Increased prices will push inflation higher and cause job losses.

The tariff imposed on goods like aluminum and steel will be passed on to manufacturers and then to consumers. The sharply increased price of steel and aluminum and the products derived from these materials may contribute to rising inflation, causing the Fed to overshoot it’s 2% long-term inflation goal.

As a result, the Fed may have to increase the federal fund rate in order to adjust to the resulting spike in inflation, should we see one. Undoubtedly, such forced tight monetary policy will further damage the labor market and reduce the prospects for continued economic growth.

While a tariff on imported steel and aluminum can help domestic manufacturers win back  market share and thus will create more jobs in that specific set of industries, the increased cost of production may cancel out this effect and may eventually lead to job losses.

What’s particularly galling about this is that history has already taught us this particular lesson. On March 5, 2002, President Bush imposed tariffs of 8%-30% on imported steel to protect domestic steel manufacturers. A trade group, the US Consuming Industries Trade Action Coalition asserted that the temporary tariffs would give rise to more job losses in the steel-using industries than they would save[1]. This assertion was confirmed by research conducted by Francois and Baughman[2], who showed that 200,000 Americans lost their jobs due to higher steel prices in 2002.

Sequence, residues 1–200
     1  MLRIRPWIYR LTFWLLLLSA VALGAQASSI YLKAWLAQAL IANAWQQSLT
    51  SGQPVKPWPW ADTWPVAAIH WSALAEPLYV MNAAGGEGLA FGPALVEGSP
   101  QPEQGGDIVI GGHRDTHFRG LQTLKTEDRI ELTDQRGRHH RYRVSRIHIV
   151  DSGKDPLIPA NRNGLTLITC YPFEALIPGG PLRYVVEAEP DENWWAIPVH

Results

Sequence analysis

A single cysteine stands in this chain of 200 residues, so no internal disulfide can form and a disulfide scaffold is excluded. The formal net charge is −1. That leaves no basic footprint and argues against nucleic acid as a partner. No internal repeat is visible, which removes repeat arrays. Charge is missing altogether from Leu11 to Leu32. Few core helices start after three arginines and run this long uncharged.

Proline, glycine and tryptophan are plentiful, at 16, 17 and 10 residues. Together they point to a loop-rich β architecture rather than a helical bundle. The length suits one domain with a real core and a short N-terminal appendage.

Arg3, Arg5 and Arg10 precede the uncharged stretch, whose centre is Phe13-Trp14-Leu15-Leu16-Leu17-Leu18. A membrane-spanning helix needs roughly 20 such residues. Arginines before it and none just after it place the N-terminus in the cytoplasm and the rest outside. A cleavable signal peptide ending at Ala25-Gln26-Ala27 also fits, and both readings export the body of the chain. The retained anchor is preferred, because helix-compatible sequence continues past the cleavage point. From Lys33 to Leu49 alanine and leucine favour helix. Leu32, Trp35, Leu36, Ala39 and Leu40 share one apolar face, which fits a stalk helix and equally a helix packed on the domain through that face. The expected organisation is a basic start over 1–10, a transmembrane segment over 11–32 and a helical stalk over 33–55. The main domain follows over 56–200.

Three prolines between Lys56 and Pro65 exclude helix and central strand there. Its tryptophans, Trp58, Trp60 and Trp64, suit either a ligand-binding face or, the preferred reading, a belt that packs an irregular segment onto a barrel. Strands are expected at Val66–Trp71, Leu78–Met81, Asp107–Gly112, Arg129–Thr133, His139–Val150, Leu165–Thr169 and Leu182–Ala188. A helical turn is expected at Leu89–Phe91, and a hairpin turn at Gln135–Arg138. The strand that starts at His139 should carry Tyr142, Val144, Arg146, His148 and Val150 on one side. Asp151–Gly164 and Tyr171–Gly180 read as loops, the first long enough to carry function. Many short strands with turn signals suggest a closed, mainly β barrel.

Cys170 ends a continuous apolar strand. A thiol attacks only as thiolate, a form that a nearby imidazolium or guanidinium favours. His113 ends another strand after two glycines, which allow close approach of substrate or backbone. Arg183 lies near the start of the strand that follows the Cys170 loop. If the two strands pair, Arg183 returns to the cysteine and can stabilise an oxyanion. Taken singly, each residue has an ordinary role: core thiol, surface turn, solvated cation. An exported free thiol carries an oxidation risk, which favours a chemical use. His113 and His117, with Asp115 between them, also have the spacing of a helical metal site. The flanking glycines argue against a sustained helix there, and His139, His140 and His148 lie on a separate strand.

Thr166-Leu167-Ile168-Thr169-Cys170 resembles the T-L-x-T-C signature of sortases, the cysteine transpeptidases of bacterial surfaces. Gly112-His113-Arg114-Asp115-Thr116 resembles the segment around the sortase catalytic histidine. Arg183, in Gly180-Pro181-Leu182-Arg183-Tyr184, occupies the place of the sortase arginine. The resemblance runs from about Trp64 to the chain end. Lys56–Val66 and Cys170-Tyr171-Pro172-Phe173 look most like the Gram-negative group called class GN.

Unexpectedly high inflation and job losses are definitely not the goals that the Fed is pursuing.

  Chinas retaliation will adversely affect US employment and economic growth.

China showed no fear relative to Trumps intended tariff hit:China has no intention of having  a trade war with any country,” Chinese ambassador Tiankai Cui responded in a CGTV interview. “But if anybody is trying to be provocative, we will fight until the end.”

On March 23, China’s Ministry of Commerce announced a plan to counterattack Trumps stiff trade tariffs with a list of targeted US products. The listing includes fruit, wine, pork, ginseng, and stainless steel pipe.

The US would not benefit from a trade war. According to the US Department of Agriculture, China is one of US largest export markets in the world and US exports of agricultural and related products totaled $26 billion. US soybean exports to China alone increased 13 times between 2001 to 2016[3].

Since Chinas retaliation list is comprised mostly of agricultural products, US based agriculture-related industries will suffer huge monetary losses, leading to job losses. Consequently, any jobs saved in the steel and aluminum industries will be counterbalanced by job losses in agriculture-related industries.